- CT scan (computed tomography). A CT scan is more detailed than a standard X-ray. It can show detailed images of any part of the body, including the bones, muscles, fat, and organs. It uses X-rays and computer technology to make horizontal images (often called slices) of the body.
- MRI (magnetic resonance imaging). This test makes detailed pictures of organs and structures inside your body. It uses a magnetic field and pulses of radio wave energy. A dye may be shot (injected) into your vein. The dye helps the liver and other organs to be seen more clearly on the scan.
- Ultrasound. This shows your internal organs as they work. It checks how blood is flowing through different blood vessels. It uses high-frequency sound waves and a computer to create images of blood vessels, tissues, and organs.
How is cirrhosis treated?
Cirrhosis is a progressive liver disease that happens over time. The damage to your liver can’t be reversed.
The goal of treatment is to slow down the buildup of scar tissue and prevent or treat other health problems.
In many cases you may be able to delay or stop any more liver damage.
Your treatment may include:
- Eating a healthy diet
- Not having alcohol or illegal drugs
- Managing any health problems that happen because of cirrhosis
Talk to your health care provider before taking prescription medicines, over-the-counter medicines, or vitamins.
If you have severe cirrhosis, treatment can’t control other problems. A liver transplant may be needed.
What are the complications of cirrhosis?
Cirrhosis can cause other health problems such as:
- Portal hypertension. The portal vein carries blood from your intestines and spleen to your liver. Cirrhosis slows the normal flow of blood. That raises the pressure in the portal vein. This is called portal hypertension.
- Enlarged blood vessels. Portal hypertension may cause enlarged blood vessels in the stomach (called gastropathy) or the food pipe or esophagus (called varices). These blood vessels are more likely to burst due to thin walls and higher pressure. If they burst, severe bleeding can occur. Seek medical attention right away.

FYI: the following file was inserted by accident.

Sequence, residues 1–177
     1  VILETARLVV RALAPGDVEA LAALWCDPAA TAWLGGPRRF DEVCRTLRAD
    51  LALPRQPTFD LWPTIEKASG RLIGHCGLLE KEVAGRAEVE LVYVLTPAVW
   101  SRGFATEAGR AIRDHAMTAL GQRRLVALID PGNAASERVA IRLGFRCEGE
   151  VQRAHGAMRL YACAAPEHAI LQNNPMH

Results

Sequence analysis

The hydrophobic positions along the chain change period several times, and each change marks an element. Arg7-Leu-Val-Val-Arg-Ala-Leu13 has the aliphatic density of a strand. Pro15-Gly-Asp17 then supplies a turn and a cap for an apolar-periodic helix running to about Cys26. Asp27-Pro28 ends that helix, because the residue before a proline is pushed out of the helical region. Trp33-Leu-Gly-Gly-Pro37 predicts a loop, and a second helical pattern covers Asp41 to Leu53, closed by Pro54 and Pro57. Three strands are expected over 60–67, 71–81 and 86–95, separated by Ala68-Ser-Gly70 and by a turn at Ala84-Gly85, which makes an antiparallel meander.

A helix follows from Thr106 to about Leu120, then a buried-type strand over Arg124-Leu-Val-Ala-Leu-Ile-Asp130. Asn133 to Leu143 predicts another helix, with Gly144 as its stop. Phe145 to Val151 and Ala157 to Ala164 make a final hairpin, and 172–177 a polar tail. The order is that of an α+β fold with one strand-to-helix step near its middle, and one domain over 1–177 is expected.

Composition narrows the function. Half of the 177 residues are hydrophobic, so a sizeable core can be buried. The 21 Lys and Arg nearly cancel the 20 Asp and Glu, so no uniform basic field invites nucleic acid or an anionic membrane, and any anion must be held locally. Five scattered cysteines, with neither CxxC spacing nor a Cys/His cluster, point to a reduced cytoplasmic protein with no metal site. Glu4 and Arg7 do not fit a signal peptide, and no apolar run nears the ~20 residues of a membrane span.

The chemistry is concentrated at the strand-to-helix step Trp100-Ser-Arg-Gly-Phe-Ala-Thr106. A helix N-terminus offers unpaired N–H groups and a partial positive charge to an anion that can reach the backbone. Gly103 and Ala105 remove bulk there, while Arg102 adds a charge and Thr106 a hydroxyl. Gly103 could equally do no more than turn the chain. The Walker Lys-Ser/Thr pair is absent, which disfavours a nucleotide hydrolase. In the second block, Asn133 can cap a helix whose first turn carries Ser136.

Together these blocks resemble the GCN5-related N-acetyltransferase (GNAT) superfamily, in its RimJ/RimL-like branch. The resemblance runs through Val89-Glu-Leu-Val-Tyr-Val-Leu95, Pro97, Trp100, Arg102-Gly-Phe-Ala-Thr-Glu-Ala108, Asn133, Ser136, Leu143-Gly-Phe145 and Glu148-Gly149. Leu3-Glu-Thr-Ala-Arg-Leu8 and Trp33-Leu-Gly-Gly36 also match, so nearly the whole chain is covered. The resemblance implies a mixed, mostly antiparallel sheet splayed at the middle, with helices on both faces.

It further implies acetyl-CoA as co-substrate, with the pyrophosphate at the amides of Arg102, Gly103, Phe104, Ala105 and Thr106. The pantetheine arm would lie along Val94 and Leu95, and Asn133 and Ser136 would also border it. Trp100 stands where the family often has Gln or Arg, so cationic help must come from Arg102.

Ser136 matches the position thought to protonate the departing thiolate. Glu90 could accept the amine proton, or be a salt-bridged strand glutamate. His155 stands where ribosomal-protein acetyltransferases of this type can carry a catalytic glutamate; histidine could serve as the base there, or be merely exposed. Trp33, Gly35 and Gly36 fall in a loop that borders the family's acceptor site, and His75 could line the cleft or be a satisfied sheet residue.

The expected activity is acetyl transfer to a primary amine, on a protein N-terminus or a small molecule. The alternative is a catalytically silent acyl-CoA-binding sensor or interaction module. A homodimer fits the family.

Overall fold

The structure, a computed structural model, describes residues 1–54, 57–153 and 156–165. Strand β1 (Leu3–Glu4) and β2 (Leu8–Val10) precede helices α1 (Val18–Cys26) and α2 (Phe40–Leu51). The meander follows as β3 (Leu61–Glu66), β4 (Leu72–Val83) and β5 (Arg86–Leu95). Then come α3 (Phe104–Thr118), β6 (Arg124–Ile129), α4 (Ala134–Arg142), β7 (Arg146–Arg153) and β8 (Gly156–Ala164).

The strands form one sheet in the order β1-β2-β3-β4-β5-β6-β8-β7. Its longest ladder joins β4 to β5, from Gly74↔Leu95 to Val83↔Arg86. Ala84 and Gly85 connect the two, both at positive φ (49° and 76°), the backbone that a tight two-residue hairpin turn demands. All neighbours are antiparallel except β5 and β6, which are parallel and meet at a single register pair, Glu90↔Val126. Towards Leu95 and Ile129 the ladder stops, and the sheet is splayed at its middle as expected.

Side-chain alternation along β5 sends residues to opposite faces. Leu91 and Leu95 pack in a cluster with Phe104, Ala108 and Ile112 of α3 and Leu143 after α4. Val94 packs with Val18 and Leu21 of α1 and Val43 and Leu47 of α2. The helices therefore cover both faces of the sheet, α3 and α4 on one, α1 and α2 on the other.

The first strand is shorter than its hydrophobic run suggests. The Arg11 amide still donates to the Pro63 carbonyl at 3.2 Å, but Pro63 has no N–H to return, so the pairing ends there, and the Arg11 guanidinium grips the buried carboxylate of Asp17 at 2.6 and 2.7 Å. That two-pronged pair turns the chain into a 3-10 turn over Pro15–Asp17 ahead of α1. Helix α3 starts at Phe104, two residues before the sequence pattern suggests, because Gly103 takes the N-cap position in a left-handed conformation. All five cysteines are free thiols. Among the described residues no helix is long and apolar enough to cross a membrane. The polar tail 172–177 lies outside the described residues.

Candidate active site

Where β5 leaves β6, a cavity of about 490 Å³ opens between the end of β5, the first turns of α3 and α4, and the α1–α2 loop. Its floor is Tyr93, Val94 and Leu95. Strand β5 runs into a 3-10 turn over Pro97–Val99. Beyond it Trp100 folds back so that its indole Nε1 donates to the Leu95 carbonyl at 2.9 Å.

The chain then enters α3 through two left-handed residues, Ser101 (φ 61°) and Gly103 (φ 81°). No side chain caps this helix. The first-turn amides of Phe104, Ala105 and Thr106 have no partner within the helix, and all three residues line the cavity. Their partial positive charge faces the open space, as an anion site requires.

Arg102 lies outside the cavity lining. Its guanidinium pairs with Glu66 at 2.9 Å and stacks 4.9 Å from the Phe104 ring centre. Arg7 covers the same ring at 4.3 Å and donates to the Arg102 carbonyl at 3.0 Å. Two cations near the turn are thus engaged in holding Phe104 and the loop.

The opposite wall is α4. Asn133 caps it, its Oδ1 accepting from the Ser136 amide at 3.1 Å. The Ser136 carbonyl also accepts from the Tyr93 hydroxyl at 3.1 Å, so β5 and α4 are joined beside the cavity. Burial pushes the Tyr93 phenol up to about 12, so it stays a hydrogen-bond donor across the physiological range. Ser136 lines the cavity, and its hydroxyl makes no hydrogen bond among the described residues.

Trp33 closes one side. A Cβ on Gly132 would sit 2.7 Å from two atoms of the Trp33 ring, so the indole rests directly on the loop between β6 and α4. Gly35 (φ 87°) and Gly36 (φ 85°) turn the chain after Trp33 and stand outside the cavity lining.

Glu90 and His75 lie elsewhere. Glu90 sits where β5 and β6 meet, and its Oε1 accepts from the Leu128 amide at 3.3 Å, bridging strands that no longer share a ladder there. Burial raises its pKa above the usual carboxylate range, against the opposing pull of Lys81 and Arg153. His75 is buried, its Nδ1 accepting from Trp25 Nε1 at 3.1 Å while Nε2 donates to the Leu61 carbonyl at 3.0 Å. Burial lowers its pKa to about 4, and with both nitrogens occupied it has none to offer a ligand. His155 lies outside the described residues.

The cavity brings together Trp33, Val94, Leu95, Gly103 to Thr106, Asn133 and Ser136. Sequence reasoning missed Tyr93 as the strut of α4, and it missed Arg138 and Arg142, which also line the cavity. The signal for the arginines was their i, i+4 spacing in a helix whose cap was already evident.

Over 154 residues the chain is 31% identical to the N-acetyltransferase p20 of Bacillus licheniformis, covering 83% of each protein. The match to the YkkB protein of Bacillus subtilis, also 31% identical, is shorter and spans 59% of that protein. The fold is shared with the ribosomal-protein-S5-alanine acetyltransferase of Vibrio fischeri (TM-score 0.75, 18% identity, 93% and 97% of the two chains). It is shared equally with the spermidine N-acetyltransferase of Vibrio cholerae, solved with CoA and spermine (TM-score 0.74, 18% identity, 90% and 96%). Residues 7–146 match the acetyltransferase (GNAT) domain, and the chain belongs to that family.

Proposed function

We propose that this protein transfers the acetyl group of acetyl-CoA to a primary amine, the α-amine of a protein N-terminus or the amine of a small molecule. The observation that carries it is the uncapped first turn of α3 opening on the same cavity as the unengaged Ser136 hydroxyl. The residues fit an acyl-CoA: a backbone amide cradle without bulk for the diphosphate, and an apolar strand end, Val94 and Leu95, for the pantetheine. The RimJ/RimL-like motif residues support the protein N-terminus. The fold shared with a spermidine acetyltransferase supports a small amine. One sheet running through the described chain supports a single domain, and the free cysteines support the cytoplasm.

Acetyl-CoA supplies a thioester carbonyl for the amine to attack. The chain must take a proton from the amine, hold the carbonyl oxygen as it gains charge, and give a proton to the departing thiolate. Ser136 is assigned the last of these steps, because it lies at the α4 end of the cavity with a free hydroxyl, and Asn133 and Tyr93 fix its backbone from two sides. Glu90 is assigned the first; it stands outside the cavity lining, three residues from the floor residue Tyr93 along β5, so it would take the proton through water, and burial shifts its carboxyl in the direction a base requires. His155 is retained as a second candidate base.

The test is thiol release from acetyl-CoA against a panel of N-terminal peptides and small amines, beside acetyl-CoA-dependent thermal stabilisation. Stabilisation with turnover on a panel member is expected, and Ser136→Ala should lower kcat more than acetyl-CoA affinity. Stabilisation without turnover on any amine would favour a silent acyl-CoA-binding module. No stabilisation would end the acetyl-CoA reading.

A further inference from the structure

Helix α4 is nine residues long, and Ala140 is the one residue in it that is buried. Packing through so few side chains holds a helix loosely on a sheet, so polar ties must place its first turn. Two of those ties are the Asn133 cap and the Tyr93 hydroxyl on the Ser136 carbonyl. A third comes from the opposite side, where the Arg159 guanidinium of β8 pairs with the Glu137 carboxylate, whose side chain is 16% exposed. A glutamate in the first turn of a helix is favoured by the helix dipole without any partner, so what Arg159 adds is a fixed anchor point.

- Easy bruising and severe bleeding. This happens when the liver stops making proteins that are needed for your blood to clot.
- Type 2 diabetes.When you have cirrhosis your body does not use insulin properly (insulin resistance). The pancreas tries to keep up with the need for insulin by making more, but blood sugar (glucose) builds up. This causes type 2 diabetes.
- Liver cancer.
Key points about cirrhosis
- Cirrhosis is when scar tissue replaces healthy liver tissue. This stops the liver from working normally.
- Cirrhosis is a long-term (chronic) liver disease.
- The most common causes are hepatitis and other viruses, and alcohol abuse. Other medical problems can also cause it.
- The damage to the liver can’t be reversed.
- The goal of treatment is to slow down the buildup of scar tissue and prevent or treat any problems that occur.
- In severe cases a liver transplant may be needed.
Next stepsTips to help you get the most from a visit to your health care provider:
- Before your visit, write down questions you want answered.
- Bring someone with you to help you ask questions and remember what your provider tells you.
- At the visit, write down the names of new medicines, treatments, or tests, and any new instructions your provider gives you.
- If you have a follow-up appointment, write down the date, time, and purpose for that visit.
- Know how you can contact your provider if you have questions.